On New Year's Eve, AA members renew pledge during an all-night party
At the Pawcatuck Community Center, residents of southeastern Connecticut and parts of Rhode Island gathered to greet the new year by lifting a prayer, not a glass: “God grant me the serenity to accept the things I cannot change, courage to change the things I can, and wisdom to know the difference.”
So began the first of the round-the-clock Alcoholics Anonymous meetings at the center as part of the 11th Annual New Year's Eve Alkathon, a 24-hour event held to give alcoholics — along with family members and friends — a safe place to be during a time of year many said can be especially difficult.
By the time the Alkathon, which began at 6 p.m. Monday, concludes at the same time tonight, an estimated four hundred to five hundred people will have participated. The local event, which organizers said they modeled on similar ones all over the country, intersperses 15 open AA meetings with dinner and breakfast buffets, raffles and a break to watch the First Night Westerly fireworks.
Those gathered for the first meeting of the evening celebrated their sobriety, which some measured in months, others in decades. They shared stories of their struggles with alcoholism, and they offered encouraging words for new arrivals.
“When I was dropped off on the doorstep of Alcoholics Anonymous, alcohol wasn't a problem, it was the solution,” one man began. He spent his first AA meetings explaining that alcohol wasn't his problem, he said, but slowly realized, as everyone else described his or her problems with alcohol, that he was hearing his own story.
A woman recounted her daily struggle, when she lived in New York, not to enter the liquor store she passed on her way home from work. Each day she'd tell herself, “I'm not going to go in today,” and each day her feet rounded the corner and carried her in, she said. She tried AA as a last resort while thinking of ways to kill herself and found sobriety.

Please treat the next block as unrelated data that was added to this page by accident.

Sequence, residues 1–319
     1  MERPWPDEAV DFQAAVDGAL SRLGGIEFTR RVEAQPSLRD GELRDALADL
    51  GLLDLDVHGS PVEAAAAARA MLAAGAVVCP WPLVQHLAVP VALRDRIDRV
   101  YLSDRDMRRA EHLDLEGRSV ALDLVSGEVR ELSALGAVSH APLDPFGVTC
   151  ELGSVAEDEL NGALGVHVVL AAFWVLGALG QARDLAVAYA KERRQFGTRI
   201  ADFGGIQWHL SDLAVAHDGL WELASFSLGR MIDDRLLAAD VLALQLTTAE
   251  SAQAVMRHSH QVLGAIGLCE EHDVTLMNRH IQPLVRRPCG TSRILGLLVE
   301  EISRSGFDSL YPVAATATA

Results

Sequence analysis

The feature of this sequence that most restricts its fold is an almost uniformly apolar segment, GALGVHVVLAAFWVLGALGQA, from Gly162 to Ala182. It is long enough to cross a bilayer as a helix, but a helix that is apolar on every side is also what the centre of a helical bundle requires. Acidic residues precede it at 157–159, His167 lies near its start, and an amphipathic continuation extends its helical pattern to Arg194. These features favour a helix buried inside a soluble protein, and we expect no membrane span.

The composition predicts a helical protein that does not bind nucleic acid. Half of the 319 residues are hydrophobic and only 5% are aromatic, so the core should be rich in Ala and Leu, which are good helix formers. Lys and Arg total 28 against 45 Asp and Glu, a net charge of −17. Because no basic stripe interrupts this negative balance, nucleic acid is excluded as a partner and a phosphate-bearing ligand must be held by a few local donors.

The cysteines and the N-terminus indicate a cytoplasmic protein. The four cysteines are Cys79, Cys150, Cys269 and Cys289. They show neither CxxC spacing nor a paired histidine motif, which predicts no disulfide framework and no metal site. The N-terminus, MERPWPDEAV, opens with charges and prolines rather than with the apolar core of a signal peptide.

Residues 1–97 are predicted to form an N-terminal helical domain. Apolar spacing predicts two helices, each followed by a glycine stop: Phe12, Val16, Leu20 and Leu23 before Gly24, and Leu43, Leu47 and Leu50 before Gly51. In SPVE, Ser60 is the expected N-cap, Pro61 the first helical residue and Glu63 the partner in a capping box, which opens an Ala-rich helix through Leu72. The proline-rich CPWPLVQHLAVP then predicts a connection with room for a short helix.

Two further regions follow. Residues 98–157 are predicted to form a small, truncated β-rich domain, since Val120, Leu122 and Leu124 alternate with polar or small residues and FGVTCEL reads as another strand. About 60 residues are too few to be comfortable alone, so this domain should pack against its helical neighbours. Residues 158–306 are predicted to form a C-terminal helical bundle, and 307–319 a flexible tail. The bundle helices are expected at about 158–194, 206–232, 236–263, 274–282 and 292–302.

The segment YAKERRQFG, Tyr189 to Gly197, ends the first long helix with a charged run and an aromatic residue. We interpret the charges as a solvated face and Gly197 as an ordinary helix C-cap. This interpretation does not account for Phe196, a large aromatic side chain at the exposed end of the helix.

“I heard, 'You don't have to drink.' That had never occurred to me.”
Many said they had to hit a low point before seeking out AA meetings or taking their 12-step recovery program seriously and described lost jobs, severed relationships, ill health and in one case, a drunk-driving accident that nearly killed the other driver. Their message to fellow alcoholics: there is hope.
An Alkathon volunteer announced that by his count, about 20 adults present — a number that would grow steadily as the meeting proceeded — had roughly 175 years of sobriety between them.
“We have an expression: You can go from Yale to jail and back again,” said Mark, another Alkathon volunteer willing to share his first name.
Two and a half years ago, he said, he picked up a drink after a long period of sobriety. In short order he lost his job, went through a divorce and found himself living in a homeless shelter on whose board he had previously served.
“As of tomorrow I will own the company I was fired from,” Mark said. “That's what can happen.”
The message of the Alkathon — and regular AA meetings — is that “you don't have to drink again if you can't stop,” Mark said. “There will be someone tonight who will have had a drink tonight, and tomorrow will be their first day sober.”
source: The Day